Adinkra is a series of ideographic symbols from Ghana and the Ivory Coast depicting age-old proverbs that incorporate aspects of Asante culture, flora and fauna.
These symbols are strongly linked to religion, language, and geometry but in modern times are used widely in and outside Ghana for their aesthetic appeal. The list includes jewellery, pottery, clothing and architecture.
Below is a snapshot of some of the responses I received, feel free to add your own. All images below come from adinkra.org.
Kwame from Birmingham My favourite
symbol is Gye Nyame because everything starts with God, and ends with God. God
creates, sustains and destroys and generates again. It is self-germinating. The
symbol of Gye Nyame looks like a circle when connected and so it is symbolic of
the circle of life.
In her early 20s, Louise Broni-Mensah became the
first Black female entrepreneur to secure capital from a seed fund provider in
Silicon Valley to grow her fledgling business Shoobs(pronounced Shubz). The provider was Y Combinator - a company known for supporting such names as online renting service Airbnb and Genius - a lyrics and music knowledge database. Three years later (in 2017) and thanks to the funding and expertise she received, Louise's online ticketing and discovery platform is changing the way party-goers seek out, buy and engage with urban events across the UK. Passion project Louise took the traditional route to entering the
business world. She holds a Mathematical Economics BSc from Birmingham University, worked
in banking and finance and had her own property all by her early 20s. But music was never
far from her thoughts. “I’ve always had a passion for music but I did it
this way round because my parents wouldn’t let me otherwise,” she told MisBeee
Writes. “At universi…
I recently attended an event with two British-Ghanaians in the media, which shone a light on how some of us second generationers (I know it's not a word...yet) have dealt with feeling foreign in the country of our birth.
The event was organised by The Media Society and Reed Smith LLP and was called Brit(ish) and Black - Growing Up in a Strange Land.
It introduced former T4 presenter June Sarpong and lawyer and journalist Afua Hirsch and was called Brit(ish) and Black - Growing Up in a Strange Land.
Both women are panellists on the Sky TV show The Pledge, both have launched new books and both have lived in Ghana at some points in their lives.
June came from a well-to-do family in Ghana, grew up during the Rawlings years and had to flee with her immediate family to Britain in the 1980s. She initially lived in council accommodation - so it was a world away from her life in Ghana.
Comparatively, Afua grew up in Wimbledon, London with her Ghanaian mum and Jewish dad and only lived in G…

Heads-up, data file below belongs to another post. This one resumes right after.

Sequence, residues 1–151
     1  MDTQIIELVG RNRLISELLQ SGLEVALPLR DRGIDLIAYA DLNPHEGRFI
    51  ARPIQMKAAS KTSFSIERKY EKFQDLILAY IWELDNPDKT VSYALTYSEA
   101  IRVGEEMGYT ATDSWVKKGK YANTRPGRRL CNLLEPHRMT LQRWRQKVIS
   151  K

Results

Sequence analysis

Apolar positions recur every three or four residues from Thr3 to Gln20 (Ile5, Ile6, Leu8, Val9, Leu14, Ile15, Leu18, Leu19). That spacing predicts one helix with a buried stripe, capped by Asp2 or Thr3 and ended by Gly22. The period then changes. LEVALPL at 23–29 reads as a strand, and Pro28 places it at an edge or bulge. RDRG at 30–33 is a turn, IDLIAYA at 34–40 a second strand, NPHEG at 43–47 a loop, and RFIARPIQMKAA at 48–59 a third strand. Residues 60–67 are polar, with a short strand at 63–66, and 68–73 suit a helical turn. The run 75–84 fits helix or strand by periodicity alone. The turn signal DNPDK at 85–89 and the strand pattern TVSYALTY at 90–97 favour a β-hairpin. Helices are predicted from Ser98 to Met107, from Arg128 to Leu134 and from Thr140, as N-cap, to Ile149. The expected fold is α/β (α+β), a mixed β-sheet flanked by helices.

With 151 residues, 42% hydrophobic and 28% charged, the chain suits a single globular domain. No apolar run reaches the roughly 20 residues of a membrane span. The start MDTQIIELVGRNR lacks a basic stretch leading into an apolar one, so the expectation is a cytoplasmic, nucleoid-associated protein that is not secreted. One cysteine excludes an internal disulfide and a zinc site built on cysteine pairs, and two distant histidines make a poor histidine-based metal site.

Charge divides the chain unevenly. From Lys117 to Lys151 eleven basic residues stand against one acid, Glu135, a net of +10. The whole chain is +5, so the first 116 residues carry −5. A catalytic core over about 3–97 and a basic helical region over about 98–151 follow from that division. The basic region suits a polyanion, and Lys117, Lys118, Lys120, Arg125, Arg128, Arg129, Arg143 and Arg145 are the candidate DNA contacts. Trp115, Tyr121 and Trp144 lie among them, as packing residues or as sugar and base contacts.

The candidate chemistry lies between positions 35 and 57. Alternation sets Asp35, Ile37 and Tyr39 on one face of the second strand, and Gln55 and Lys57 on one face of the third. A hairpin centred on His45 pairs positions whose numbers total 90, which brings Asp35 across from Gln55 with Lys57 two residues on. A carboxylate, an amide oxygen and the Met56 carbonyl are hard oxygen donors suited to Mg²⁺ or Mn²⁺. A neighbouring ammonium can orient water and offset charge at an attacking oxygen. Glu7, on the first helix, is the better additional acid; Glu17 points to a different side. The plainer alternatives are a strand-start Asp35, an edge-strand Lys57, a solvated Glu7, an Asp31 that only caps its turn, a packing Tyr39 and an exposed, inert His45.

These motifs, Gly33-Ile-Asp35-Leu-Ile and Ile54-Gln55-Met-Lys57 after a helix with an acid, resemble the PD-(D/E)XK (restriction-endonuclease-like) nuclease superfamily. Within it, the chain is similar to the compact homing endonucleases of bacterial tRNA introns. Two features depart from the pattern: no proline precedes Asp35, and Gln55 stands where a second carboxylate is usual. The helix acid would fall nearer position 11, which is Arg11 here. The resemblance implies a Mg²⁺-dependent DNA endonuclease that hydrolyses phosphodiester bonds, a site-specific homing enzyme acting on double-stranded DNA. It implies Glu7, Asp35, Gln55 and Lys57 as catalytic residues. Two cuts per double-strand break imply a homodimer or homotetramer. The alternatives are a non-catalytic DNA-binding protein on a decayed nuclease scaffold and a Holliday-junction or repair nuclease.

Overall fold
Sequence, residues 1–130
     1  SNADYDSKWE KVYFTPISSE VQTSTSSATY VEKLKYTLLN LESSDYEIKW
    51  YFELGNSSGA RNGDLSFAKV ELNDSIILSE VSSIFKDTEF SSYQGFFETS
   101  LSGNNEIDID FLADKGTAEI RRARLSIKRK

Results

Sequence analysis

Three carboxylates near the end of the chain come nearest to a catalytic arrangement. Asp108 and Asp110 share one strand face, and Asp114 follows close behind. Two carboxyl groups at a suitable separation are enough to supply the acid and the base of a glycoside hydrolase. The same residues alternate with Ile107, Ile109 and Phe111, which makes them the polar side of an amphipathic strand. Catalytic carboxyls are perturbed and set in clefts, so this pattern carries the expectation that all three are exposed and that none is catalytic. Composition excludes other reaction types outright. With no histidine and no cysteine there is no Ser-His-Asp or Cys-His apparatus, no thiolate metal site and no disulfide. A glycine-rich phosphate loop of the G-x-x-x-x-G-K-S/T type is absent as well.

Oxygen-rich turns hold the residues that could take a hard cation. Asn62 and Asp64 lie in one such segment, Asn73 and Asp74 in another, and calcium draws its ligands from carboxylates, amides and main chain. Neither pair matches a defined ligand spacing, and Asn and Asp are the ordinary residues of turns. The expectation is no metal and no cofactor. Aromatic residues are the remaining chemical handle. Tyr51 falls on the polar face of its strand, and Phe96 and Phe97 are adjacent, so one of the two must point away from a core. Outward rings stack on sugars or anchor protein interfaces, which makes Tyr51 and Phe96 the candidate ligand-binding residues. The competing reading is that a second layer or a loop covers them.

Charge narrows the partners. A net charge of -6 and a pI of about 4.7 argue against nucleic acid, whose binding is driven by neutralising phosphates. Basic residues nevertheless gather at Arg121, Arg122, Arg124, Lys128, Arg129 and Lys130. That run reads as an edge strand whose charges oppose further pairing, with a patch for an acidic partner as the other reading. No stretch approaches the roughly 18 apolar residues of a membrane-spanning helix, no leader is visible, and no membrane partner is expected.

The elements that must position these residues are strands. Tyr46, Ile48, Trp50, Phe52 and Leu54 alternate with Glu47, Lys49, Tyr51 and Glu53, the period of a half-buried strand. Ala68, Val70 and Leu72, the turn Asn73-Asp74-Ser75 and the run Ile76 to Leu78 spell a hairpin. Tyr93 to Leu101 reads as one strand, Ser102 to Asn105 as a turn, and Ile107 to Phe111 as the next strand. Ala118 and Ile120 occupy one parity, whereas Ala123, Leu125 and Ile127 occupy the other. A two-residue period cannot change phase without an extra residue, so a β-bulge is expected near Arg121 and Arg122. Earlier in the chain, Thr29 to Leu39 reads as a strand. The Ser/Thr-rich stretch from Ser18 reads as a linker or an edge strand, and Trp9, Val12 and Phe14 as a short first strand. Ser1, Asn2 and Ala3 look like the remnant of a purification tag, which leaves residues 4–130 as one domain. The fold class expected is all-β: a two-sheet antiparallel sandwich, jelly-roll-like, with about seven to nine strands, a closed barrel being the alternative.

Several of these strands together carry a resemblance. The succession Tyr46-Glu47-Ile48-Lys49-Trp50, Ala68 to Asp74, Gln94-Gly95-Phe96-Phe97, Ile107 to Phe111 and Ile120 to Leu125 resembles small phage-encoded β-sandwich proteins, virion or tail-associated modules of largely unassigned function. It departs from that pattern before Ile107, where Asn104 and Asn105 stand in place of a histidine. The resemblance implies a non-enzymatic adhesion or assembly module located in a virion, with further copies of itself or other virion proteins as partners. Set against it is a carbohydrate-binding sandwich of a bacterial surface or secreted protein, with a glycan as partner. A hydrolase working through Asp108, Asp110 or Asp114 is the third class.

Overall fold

Seun Oboite represents an emerging crop of young
Black entrepreneurs that are combining talent, education and a fearlessness
about entering the business world. Even though the 21-year-old has yet to finish
studying or gain long-term experience in the jobs market, he has already
created his own company and is beginning to employ staff. Checkmate
Concevoir, the events platform, only launched in
November 2016 but already Seun is carving out a name for himself in Manchester
and Guildford as the go-to man for digital events services. Digital
tools Checkmate Concevoir is a small and more
competitive equivalent of Ticketmaster, said Seun. It caters for companies
hosting smaller events (between 50 - 1000 people) than Ticketmaster would
consider and gives them tools to promote an organised event; seek sponsors and
access valuable analytics and meta data through the sister brand Vivus. His decision to develop the online platform came
while he was at the University of Surrey in Guildford studying ae…
It is a rare treat for me
to go to a museum showcasing African art. But when I do, facemasks, figurines
and other sculptured pieces tend to be displayed as an afterthought - in my
Sometimes artefacts with limited cultural links, apart from being from
the same Continent, are huddled together in a corner. And in many cases there
seems to be little acknowledgement of the sheer workmanship involved; the
significant societal and cultural value the pieces hold, or the role they
played and still play in shaping modern art. Centre stage
So you can imagine my surprise at learning that the Musée du quai Branly in Paris was staging the Les Maîtres de la sculpture de Côte d'Ivoire (the Master of Sculpture from the Ivory Coast). In one fell swoop I felt that this exhibition, which runs
until 26 July, showcased how nuanced, complex, sophisticated and diverse
sculpture from the Côte d’Ivoire truly is. And at the same time gave a long overdue
hat-tip to those largely unsung champions of W…